Mortgage rates fell today, largely in response to the past two days of bond market improvement. In other words, lenders had been keeping their guard up ahead of today's key inflation data (The Consumer Price Index, or "CPI"). While it's true that a strong CPI report had the potential to push rates back to the highest levels since this summer, today's data wasn't strong enough. In fact, most of the metrics were roughly in line with forecasts.
Still, the strength and resilience in bond markets shouldn't be discounted. Bonds also digested strong Retail Sales data and managed to maintain stronger levels achieved overnight. In general, "strength" in bond markets translates to lower mortgage rates, although there can be some lag between the two....(read more)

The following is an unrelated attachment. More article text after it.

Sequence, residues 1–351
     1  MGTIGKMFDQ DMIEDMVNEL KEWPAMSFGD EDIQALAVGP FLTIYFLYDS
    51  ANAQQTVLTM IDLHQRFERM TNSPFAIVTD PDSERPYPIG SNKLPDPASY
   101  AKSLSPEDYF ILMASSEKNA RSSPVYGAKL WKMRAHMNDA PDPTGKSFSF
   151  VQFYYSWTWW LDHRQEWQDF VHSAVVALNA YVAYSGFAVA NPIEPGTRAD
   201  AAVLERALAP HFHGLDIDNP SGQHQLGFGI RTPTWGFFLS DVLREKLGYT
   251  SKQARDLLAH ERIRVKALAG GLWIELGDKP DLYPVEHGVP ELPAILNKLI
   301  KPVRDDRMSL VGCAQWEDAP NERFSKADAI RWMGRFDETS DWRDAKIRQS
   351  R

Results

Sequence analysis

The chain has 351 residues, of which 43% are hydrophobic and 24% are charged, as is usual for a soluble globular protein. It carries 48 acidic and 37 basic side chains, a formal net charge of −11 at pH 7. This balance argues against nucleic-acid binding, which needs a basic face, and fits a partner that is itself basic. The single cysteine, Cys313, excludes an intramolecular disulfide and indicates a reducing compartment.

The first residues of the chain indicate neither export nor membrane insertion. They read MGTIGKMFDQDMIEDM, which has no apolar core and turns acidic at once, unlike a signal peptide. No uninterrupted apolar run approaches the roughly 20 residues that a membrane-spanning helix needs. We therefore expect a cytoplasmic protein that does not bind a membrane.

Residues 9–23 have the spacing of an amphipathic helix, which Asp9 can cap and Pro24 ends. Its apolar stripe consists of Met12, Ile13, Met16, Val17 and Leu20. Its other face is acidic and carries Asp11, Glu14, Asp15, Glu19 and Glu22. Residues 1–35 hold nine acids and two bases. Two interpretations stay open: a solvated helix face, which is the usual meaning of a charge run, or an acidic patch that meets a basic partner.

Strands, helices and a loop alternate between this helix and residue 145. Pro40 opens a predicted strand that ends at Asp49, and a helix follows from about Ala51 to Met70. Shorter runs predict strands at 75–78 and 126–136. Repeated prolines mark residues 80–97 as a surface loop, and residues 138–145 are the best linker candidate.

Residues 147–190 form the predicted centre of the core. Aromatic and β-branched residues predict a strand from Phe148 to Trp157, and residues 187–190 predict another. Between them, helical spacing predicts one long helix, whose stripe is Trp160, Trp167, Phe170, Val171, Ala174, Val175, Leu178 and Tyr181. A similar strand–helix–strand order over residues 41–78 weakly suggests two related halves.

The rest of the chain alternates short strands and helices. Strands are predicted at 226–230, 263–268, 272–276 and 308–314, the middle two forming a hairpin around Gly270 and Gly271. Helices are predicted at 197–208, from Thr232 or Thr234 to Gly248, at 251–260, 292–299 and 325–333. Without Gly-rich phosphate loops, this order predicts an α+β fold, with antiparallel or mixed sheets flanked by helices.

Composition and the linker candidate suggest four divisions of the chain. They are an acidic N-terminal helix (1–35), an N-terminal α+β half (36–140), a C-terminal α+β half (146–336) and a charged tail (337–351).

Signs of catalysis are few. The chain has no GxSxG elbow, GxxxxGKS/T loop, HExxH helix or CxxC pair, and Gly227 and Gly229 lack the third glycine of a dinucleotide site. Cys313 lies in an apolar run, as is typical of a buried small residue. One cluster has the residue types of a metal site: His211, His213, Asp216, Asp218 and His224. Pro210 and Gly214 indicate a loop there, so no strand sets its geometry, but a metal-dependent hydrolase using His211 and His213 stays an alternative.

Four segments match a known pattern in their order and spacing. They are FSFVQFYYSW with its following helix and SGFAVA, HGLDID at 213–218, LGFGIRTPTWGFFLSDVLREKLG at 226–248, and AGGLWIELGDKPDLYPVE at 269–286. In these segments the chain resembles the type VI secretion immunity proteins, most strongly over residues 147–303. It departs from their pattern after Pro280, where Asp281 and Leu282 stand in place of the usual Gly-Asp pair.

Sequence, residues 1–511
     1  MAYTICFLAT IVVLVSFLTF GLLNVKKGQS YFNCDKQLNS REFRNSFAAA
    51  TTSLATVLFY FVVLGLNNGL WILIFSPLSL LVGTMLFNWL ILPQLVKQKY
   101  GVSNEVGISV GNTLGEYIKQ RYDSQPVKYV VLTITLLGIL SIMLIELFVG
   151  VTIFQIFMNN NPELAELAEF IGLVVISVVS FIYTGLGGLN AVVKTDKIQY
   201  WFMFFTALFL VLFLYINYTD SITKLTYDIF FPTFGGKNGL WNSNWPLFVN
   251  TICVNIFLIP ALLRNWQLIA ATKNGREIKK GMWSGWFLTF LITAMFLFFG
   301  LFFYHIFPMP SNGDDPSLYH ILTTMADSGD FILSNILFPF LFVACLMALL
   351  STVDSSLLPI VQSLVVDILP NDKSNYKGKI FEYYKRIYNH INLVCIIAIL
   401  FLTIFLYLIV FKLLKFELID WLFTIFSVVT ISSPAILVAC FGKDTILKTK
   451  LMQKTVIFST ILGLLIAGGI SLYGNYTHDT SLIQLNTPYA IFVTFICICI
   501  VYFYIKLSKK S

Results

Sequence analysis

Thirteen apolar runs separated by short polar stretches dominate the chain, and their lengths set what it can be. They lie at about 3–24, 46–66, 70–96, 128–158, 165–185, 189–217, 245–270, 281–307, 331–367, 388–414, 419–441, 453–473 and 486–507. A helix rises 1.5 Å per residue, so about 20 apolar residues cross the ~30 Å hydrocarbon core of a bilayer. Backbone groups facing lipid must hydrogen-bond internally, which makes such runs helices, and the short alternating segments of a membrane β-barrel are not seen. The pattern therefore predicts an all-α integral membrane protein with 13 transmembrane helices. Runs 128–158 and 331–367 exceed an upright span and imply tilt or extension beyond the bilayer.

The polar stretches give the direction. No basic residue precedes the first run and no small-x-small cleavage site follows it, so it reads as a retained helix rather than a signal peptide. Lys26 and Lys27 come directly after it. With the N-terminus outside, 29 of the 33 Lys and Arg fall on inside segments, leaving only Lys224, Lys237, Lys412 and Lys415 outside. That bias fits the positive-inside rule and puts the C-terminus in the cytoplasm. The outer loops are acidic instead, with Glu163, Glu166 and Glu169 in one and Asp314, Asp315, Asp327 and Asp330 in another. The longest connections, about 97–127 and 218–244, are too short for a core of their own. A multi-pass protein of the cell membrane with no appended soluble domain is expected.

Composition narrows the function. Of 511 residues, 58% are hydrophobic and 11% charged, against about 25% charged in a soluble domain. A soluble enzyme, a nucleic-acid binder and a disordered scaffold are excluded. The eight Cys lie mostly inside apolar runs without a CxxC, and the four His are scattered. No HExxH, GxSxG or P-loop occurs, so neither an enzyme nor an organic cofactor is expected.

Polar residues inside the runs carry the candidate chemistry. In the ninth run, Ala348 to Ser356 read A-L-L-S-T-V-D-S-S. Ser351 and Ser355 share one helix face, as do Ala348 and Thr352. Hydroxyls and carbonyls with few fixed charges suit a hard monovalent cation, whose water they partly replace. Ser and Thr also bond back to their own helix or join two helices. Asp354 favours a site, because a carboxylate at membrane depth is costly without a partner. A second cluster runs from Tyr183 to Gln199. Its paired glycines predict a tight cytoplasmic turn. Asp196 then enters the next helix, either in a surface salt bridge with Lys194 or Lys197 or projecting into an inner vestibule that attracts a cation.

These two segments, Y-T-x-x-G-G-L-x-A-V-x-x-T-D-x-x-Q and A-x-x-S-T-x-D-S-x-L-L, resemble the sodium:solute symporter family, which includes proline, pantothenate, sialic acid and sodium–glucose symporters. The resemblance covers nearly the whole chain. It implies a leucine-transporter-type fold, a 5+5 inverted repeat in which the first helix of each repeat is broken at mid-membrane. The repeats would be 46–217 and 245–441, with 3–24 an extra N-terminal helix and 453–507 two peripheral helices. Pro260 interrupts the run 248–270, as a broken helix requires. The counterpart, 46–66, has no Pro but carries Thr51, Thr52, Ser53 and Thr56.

Mortgage rates didn't move much today, despite moderate improvements in bond markets. Typically, stronger bond markets result in lower rates, but if anything, more lenders moved into slightly weaker territory. That has a lot to do with the fact that bonds were in weaker territory around the time most lenders put out the first rate sheets of the day. With bonds improving in the afternoon, several lenders have issued mid-day reprices, bringing their rate sheets more in line with the underlying market....(read more)
Mortgage rates were unchanged to slightly higher today, keeping them in line with their highest levels in more than 2 weeks, depending on the lender. Bond markets (which underlie mortgage rates) were in slightly better shape this morning, but that failed to translate to rate sheet improvements due to bond market weakness on Friday afternoon.